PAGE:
Since then, Abbey has grown into performing her show and become more comfortable with the transitions from one character to the next (often accomplished with the addition of a headband, scarf, or baseball cap accompanied by a slight change in accent and posture). As she explains on her website:
"I'm an actor/teacher who has struggled with disordered eating for years. As I've grown up, I have taken those challenges and managed to find some humor in them. Diets, weight loss, starving, and binging -- these are all words and issues that most of our society deal with on a daily basis. We may deal with them personally or face them by watching a friend, sister, brother, parent, or child deal. I believe that we are a society obsessed with weight. We are obsessed with the challenge and the game of trying to lose it or gain it, but never just sit with it.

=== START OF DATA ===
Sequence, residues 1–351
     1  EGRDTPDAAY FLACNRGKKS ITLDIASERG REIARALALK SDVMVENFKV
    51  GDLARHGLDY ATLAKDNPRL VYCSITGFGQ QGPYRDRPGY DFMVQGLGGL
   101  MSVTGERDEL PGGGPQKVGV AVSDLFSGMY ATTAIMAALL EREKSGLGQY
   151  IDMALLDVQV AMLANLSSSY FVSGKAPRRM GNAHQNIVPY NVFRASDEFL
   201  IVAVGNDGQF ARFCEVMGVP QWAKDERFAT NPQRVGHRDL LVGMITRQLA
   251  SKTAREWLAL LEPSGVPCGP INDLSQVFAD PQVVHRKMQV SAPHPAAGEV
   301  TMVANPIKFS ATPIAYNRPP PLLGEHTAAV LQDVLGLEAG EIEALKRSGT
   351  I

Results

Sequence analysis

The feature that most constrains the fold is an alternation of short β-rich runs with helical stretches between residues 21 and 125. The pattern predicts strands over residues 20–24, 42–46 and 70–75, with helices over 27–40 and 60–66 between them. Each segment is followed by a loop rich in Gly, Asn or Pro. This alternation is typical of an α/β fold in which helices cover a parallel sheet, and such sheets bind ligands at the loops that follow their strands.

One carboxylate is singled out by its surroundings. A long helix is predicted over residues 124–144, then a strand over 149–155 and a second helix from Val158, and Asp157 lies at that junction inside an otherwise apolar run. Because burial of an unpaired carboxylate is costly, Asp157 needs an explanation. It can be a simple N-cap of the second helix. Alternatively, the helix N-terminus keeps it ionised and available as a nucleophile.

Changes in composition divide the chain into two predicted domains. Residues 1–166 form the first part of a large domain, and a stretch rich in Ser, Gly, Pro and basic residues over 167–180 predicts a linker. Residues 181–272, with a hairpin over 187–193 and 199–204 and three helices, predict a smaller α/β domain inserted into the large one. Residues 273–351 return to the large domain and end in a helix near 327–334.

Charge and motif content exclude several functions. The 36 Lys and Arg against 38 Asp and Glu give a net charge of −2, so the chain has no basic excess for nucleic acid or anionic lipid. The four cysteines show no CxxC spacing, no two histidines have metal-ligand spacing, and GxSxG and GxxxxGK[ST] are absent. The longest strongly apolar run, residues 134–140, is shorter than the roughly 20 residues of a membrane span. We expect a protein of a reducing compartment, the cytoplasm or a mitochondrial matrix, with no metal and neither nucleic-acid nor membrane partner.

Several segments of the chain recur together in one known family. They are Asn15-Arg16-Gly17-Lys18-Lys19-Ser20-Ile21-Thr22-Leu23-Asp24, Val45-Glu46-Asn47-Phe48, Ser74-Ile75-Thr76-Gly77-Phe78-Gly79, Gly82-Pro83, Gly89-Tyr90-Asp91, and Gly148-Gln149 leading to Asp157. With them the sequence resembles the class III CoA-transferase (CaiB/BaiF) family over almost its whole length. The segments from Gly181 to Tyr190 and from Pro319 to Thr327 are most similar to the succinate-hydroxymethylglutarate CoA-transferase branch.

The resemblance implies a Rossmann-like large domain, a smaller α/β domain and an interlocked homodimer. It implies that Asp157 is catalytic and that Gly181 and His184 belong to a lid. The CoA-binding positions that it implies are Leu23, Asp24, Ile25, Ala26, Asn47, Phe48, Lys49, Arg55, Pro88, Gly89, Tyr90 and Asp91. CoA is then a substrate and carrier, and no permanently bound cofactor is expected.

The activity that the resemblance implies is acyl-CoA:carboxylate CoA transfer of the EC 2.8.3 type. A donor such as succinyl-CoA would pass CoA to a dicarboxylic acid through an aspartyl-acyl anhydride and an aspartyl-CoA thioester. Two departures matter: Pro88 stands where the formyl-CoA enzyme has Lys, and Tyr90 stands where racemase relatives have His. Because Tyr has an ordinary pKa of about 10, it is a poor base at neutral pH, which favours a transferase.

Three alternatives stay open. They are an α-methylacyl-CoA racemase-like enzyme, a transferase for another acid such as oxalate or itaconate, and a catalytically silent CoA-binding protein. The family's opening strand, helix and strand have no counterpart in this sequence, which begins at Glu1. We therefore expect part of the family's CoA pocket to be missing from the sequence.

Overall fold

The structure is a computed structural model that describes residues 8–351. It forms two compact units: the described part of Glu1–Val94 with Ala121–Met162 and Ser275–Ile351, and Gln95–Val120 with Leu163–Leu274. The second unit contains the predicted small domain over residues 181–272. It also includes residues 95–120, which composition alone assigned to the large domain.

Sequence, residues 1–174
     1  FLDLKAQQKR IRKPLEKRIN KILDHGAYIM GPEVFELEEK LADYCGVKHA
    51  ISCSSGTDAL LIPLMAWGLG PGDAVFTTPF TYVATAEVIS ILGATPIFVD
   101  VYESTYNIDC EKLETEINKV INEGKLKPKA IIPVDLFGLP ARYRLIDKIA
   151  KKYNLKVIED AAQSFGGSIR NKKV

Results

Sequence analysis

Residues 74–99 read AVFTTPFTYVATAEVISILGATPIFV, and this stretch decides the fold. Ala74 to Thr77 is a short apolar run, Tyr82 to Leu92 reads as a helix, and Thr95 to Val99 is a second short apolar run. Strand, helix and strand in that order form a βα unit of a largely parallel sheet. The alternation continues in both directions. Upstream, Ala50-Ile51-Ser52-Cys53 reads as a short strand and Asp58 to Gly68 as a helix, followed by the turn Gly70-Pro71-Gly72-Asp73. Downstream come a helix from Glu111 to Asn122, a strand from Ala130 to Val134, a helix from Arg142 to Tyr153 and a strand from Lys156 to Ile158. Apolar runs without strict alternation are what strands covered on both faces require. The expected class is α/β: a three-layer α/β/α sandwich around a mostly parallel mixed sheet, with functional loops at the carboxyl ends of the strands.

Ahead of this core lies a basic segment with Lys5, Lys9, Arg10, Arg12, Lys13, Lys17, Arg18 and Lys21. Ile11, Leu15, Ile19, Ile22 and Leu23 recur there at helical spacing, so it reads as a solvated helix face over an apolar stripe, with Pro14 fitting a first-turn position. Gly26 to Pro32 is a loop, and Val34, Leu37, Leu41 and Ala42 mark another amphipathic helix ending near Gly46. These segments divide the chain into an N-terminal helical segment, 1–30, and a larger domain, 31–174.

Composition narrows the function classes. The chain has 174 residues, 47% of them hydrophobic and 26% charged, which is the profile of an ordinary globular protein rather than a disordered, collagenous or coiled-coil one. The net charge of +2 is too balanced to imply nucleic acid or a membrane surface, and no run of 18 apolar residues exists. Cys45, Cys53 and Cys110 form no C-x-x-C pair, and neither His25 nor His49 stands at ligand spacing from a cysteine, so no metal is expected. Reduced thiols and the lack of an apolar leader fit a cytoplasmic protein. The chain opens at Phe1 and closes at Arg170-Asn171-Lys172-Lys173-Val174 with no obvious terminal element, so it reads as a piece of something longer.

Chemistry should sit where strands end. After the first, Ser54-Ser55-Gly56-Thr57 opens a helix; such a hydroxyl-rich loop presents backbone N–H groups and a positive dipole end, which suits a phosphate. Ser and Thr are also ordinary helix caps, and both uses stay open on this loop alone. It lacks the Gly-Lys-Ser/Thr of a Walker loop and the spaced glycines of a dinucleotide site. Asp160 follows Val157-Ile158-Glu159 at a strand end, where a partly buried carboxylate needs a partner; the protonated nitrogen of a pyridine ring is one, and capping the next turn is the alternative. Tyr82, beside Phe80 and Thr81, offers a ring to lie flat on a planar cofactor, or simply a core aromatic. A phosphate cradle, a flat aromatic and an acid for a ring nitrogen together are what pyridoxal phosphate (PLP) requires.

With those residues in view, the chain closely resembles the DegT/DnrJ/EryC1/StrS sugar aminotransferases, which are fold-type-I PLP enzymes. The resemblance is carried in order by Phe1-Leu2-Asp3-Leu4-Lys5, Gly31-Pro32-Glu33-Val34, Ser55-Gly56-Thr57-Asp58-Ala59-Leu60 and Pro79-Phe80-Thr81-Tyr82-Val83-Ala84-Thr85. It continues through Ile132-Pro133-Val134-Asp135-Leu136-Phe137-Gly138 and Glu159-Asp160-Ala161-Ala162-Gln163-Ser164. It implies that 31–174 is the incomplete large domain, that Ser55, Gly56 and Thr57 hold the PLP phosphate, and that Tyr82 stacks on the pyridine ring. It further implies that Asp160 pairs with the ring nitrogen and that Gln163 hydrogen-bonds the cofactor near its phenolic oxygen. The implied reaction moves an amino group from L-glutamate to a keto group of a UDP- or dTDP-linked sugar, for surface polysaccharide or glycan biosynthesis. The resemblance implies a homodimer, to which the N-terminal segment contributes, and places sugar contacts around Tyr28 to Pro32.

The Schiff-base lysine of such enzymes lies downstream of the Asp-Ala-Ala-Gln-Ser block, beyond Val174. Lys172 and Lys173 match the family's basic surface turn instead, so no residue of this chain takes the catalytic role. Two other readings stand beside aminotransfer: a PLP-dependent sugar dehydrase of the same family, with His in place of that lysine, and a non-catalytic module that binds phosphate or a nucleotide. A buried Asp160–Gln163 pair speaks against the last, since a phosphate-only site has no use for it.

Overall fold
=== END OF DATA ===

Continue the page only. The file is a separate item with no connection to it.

I started writing The Weight Game four years ago on a whim and love creating an experience during which people can come together to laugh and cry at all the insane things we do with regard to food. This play is no longer just a piece for me to perform; it has become a way for me to bring the taboos of the eating disorder world out into the public and connect with others who share them."
Sarah Abbey in The Weight Game

While it's easy to see how Sarah's connections with others battling food-related OCD impulses helped to supply her with plenty of material for her show, Abbey has taken the concept one step further by using Kickstarter as a way to help raise the necessary funding for a brief run of performances through February 18 at Noh Space. This is a woman who is taking control of her body, her performances, and her producing needs with increasing confidence. It's a most appealing process to watch.